(July 11, 5:25 p.m.) The Food and Drug Administration’s consumer advisory in an outbreak of Salmonella Saintpaul has had dire consequences for the tomato category.

The Perishables Group reported July 11 that movement of field-grown roma and red, round tomatoes — varieties implicated by FDA in the outbreak — dropped nearly 50% in June.

For the four-week period ending June 28, data collected nationwide from 15,000 traditional supermarkets showed volume of field-grown roma and red, round tomatoes decreased 46.1%, while dollar sales dropped 36.2%. Greenhouse roma and red, round tomatoes declined only slightly in comparison.

Volume in the overall tomato category decreased 17% compared to the year-ago period, while dollar sales fell 5.4% to $136.3 million.

Non-implicated varieties — including grape tomatoes, cherry tomatoes and tomatoes on the vine — actually increased 3.4% in volume and 8% in dollar sales.

Data reported does not include Wal-Mart, club stores, alternative-format stores such as Whole Foods or small, independent retailers.

On June 2, FDA advised consumers in New Mexico and Texas not to eat roma or red, round tomatoes. The agency expanded its advisory nationwide June 7, warning consumers not to eat roma or red, round tomatoes unless they are sourced from approved areas. Numerous retailers and restaurants responded by pulling the implicated varieties.

By June 13, many retailers and restaurants were restocking tomatoes from approved areas, but damage to consumer confidence and demand had been done.

A consumer poll conducted from June 13-19 by the Newark, Del.-based Produce Marketing Association indicated that 8% of shoppers surveyed said they would never buy tomatoes again.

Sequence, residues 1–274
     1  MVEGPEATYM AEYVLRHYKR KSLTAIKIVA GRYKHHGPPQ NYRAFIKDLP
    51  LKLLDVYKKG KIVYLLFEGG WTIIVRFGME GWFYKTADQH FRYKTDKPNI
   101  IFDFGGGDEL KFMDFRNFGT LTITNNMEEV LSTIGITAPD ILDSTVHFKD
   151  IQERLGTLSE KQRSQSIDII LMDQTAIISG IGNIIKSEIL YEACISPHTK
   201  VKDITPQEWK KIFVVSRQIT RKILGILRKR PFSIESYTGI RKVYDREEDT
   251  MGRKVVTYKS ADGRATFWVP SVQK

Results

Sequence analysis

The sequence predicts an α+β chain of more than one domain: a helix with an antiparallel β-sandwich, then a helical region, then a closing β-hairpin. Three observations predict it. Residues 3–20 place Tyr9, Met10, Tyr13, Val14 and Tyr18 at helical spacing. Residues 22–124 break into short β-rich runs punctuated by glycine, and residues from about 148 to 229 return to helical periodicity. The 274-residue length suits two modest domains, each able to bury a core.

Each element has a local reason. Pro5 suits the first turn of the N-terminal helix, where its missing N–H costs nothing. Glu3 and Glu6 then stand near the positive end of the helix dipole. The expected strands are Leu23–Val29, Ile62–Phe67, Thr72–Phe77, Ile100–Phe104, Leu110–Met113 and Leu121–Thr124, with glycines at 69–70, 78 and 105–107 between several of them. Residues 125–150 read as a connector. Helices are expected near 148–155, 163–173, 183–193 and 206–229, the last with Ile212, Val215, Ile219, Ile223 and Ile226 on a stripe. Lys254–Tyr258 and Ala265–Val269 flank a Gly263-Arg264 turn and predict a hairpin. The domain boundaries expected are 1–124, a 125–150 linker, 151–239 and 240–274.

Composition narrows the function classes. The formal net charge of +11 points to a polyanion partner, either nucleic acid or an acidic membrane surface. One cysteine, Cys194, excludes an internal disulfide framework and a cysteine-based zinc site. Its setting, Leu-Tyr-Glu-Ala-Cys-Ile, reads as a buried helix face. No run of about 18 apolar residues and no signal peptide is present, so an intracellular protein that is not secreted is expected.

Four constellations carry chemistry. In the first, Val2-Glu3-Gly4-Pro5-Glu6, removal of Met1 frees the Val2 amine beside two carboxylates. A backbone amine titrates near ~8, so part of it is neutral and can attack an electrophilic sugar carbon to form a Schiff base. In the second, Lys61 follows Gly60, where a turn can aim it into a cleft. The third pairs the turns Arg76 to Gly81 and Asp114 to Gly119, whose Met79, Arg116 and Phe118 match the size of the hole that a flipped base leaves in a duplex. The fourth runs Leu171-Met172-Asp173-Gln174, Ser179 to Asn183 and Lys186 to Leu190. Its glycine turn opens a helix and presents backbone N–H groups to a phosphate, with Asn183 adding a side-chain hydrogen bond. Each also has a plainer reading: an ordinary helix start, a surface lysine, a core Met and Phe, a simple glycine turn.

Meanwhile, 36% of shoppers surveyed said they were buying tomatoes at that time, while 29% said they would wait a few weeks, 20% said they would wait a few months and 3% said they would wait at least a year.

On July 1, the Centers for Disease Control and Prevention and FDA announced they were broadening the investigation to include “food items that are commonly consumed with tomatoes,” but the agencies declined to say what other items were being scrutinized. Two days later a CDC spokesman clarified that the agency was scrutinizing salsa ingredients.

On July 9, the FDA updated its consumer advisory to include jalapeno and serrano peppers.

“We’re quite certain that neither tomatoes nor jalapenos explain the entire outbreak at this point,” Robert Tauxe, deputy director of the CDC’s Division of Foodborne, Bacterial and Mycotic Diseases, said at the time. “We’re presuming that both of them have caused illnesses.”

However, some in the industry are questioning whether tomatoes are involved at all.

“It appears highly unlikely that fresh tomatoes are the cause of this outbreak,” Tom Stenzel, president of the Washington, D.C.-based United Fresh Produce Association, said July 11. “FDA and CDC have not dropped their hypothesis that tomatoes are to blame. That’s probably a step they’ll have to take when this is over.”

The end, however, does not appear to be in sight. CDC reported July 11 that onset of illness dates range from April 10 to July 1.

Steve Sundlof, director of the FDA’s Center for Food Safety and Applied Nutrition, said July 9 that all samples of tomatoes and hot peppers taken by the agency had tested negative for Salmonella Saintpaul. Pepper testing, however, had just begun.

As of July 11, the outbreak had led to 1,090 reported illnesses in 42 states, Washington, D.C., and Canada. At least 210 people have been hospitalized, CDC said.